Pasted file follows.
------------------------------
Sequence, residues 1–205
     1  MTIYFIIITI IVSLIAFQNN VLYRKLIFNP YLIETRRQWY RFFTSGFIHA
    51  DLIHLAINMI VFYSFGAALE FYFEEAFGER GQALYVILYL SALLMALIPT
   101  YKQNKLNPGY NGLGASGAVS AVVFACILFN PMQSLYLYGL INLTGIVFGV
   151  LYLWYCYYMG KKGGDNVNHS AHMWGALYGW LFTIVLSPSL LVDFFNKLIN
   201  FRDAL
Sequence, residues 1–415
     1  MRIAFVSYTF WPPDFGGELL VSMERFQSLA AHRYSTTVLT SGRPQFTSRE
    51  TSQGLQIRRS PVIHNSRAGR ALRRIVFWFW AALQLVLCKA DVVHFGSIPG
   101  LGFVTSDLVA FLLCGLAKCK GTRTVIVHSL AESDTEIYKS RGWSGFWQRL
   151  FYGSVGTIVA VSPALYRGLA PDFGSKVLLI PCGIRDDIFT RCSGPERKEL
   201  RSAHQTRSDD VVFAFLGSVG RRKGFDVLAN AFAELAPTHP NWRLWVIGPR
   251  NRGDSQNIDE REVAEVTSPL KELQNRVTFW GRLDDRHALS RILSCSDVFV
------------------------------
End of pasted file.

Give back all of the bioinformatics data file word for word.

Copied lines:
Sequence, residues 1–205
     1  MTIYFIIITI IVSLIAFQNN VLYRKLIFNP YLIETRRQWY RFFTSGFIHA
    51  DLIHLAINMI VFYSFGAALE FYFEEAFGER GQALYVILYL SALLMALIPT
   101  YKQNKLNPGY NGLGASGAVS AVVFACILFN PMQSLYLYGL INLTGIVFGV
   151  LYLWYCYYMG KKGGDNVNHS AHMWGALYGW LFTIVLSPSL LVDFFNKLIN
   201  FRDAL
Sequence, residues 1–415
     1  MRIAFVSYTF WPPDFGGELL VSMERFQSLA AHRYSTTVLT SGRPQFTSRE
    51  TSQGLQIRRS PVIHNSRAGR ALRRIVFWFW AALQLVLCKA DVVHFGSIPG
   101  LGFVTSDLVA FLLCGLAKCK GTRTVIVHSL AESDTEIYKS RGWSGFWQRL
   151  FYGSVGTIVA VSPALYRGLA PDFGSKVLLI PCGIRDDIFT RCSGPERKEL
   201  RSAHQTRSDD VVFAFLGSVG RRKGFDVLAN AFAELAPTHP NWRLWVIGPR
   251  NRGDSQNIDE REVAEVTSPL KELQNRVTFW GRLDDRHALS RILSCSDVFV